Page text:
Coronavirus Pandemic Leaves Food Banks In Need Of Volunteers
Grant Blankenship |
Sunday, November 22, 2020
Food banks get a lot of help from volunteers who make meals, distribute food to the needy and help keep things running smoothly. But in the coronavirus era, volunteers can be in short supply.
LULU GARCIA-NAVARRO, HOST:
We've seen the lines across the country, cars backed up for blocks or filling parking lots with people hoping to get boxes of groceries provided by a food bank. By some estimates, the pandemic has made food insecurity twice as common here in the U.S. than it was a year ago. And as the need for food banks goes up, so does the need for volunteers. Grant Blankenship of Georgia Public Broadcasting reports that the pandemic is straining volunteer labor when it's needed the most.
GRANT BLANKENSHIP, BYLINE: It's one of those gray, wet, warm days that pass for fall in Georgia. And cars and vans with their trunks and tailgates open are queued up to get into the parking lot across from a white clapboard church in the city of Warner Robins...
UNIDENTIFIED PERSON #1: We're going to start with these 'cause they take chicken and everything.
BLANKENSHIP: ...Where about 20 women box up groceries...
UNIDENTIFIED PERSON #2: Thank you, ladies. Y'all have a blessed day.
Thank you, ma'am. Have a blessed day.
BLANKENSHIP: ...And give them away. The groceries are from the Middle Georgia Regional Food Bank, the volunteer workers from a support group called Single Moms Connect. Theron Sheffield-Brown organizes these twice-a-month volunteer opportunities for the group. She says they definitely did not slow down for the pandemic.
THERON SHEFFIELD-BROWN: Because we knew the need. And people were out of work, you know, and they're not getting enough hours, so they're not getting enough food. Kids at home eating - I have two boys. They eat up everything. So you need extra food in your household.
BLANKENSHIP: This week alone, food aid like this is being distributed in 13 other places across 27 counties the Middle Georgia Regional Food Bank serves. The same will be true next week and likely the week after. Katie Fitzgerald, chief operating officer of Feeding America, says it couldn't happen without the work of volunteers like Sheffield-Brown and her friends.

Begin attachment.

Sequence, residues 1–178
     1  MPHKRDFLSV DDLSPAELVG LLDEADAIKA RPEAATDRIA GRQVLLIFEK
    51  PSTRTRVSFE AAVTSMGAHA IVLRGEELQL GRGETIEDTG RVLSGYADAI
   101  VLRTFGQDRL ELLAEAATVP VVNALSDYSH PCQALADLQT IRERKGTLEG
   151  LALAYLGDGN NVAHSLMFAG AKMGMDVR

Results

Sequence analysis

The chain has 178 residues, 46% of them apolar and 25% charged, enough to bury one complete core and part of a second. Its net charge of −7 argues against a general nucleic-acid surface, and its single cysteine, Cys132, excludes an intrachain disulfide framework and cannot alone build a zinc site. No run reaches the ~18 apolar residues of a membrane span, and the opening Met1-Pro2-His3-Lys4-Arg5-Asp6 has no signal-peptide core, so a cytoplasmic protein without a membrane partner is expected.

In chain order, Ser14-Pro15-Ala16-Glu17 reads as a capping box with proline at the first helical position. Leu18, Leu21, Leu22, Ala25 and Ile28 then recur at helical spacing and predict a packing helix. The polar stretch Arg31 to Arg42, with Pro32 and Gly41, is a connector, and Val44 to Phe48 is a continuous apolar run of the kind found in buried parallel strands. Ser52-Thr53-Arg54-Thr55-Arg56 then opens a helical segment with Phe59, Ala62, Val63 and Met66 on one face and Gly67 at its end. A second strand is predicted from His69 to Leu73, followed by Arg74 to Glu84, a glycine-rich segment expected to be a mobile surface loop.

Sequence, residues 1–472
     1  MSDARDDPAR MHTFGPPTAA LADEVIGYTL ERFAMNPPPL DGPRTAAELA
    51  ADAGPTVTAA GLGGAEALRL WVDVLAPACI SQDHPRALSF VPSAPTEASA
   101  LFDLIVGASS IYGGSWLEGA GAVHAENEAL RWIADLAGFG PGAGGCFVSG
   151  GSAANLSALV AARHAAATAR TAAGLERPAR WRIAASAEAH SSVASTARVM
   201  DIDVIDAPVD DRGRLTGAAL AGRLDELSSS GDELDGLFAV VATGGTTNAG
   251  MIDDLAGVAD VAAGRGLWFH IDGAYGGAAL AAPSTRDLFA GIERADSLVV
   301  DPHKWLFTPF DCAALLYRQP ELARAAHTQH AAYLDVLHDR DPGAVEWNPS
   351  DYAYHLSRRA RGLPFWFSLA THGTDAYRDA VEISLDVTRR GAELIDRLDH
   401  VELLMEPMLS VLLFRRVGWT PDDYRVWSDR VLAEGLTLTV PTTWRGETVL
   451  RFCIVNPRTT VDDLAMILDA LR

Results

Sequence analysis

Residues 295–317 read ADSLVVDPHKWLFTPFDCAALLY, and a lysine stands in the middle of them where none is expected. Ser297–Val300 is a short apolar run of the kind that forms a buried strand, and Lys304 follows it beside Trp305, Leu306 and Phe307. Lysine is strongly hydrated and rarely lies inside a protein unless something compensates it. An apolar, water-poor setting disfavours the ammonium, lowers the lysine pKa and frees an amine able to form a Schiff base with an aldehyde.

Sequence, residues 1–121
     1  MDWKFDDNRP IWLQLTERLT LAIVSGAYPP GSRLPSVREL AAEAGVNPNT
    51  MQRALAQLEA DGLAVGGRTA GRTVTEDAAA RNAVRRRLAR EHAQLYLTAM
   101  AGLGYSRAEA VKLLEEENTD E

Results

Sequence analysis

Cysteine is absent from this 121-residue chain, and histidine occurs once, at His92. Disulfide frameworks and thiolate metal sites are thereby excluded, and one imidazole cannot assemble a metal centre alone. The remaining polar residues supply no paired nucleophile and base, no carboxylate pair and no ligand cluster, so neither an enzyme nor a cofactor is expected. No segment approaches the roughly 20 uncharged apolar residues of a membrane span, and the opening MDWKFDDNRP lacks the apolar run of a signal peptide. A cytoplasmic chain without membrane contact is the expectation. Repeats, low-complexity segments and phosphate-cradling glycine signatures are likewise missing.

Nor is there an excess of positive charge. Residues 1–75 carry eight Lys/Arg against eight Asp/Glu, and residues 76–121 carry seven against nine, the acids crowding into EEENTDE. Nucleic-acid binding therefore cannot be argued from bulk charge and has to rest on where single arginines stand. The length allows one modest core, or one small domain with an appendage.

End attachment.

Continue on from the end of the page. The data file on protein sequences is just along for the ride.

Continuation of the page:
KATIE FITZGERALD: We rely on about 2 million volunteers to help capture the food, store it, repack it and distribute it.
BLANKENSHIP: That's nationwide across the 200 food banks that work with Feeding America.
FITZGERALD: And many of our volunteers in our network are older. And people are making, you know, really good decisions about their own safety.
BLANKENSHIP: Because, as we know, older people, who often have time after retirement to do charitable work, are also extremely susceptible to complications from COVID-19. The Feeding America network includes the Middle Georgia Regional Food Bank, headed by Kathy McCollum. McCollum says there's been a massive jump in demand across her service area.
KATHY MCCOLLUM: We have reached, in second quarter, almost 3 million.
BLANKENSHIP: That's 3 million meals - a million more compared to the quarter before the pandemic. At the same time, some of her volunteers, wary of COVID-19, are staying home. That's meant some local food pantries paused their operations. But now McCollum is back up to speed. Out in the warehouse, she shows me why.
MCCOLLUM: So we've got National Guard soldiers here picking for the orders. We've got a National Guard person on the forklift.
BLANKENSHIP: Seven Guard members are working alongside some new paid warehouse workers. Leading the Georgia Guard members is Staff Sergeant Vanessa Williams.
VANESSA WILLIAMS: Anything dealing with the state and it's a state emergency, they call the National Guard. And so we go out, and we play superheroes.
BLANKENSHIP: McCollum says Guard members are slated to leave by early next month. In the meantime, she's adding more paid workers. Katie Fitzgerald of Feeding America says this need for extra workers at food banks did not exist in the years after the 2008 recession. It's unique to the pandemic.
FITZGERALD: So we know we're in a marathon now.
SHEFFIELD-BROWN: What the application process look like? They - we good on these cars?
BLANKENSHIP: Meanwhile, the women of Single Moms Connect will be out twice a month, helping families make ends meet as long as they can. For NPR News, I'm Grant Blankenship in Warner Robins, Ga. Transcript provided by NPR, Copyright NPR.View this story on npr.org
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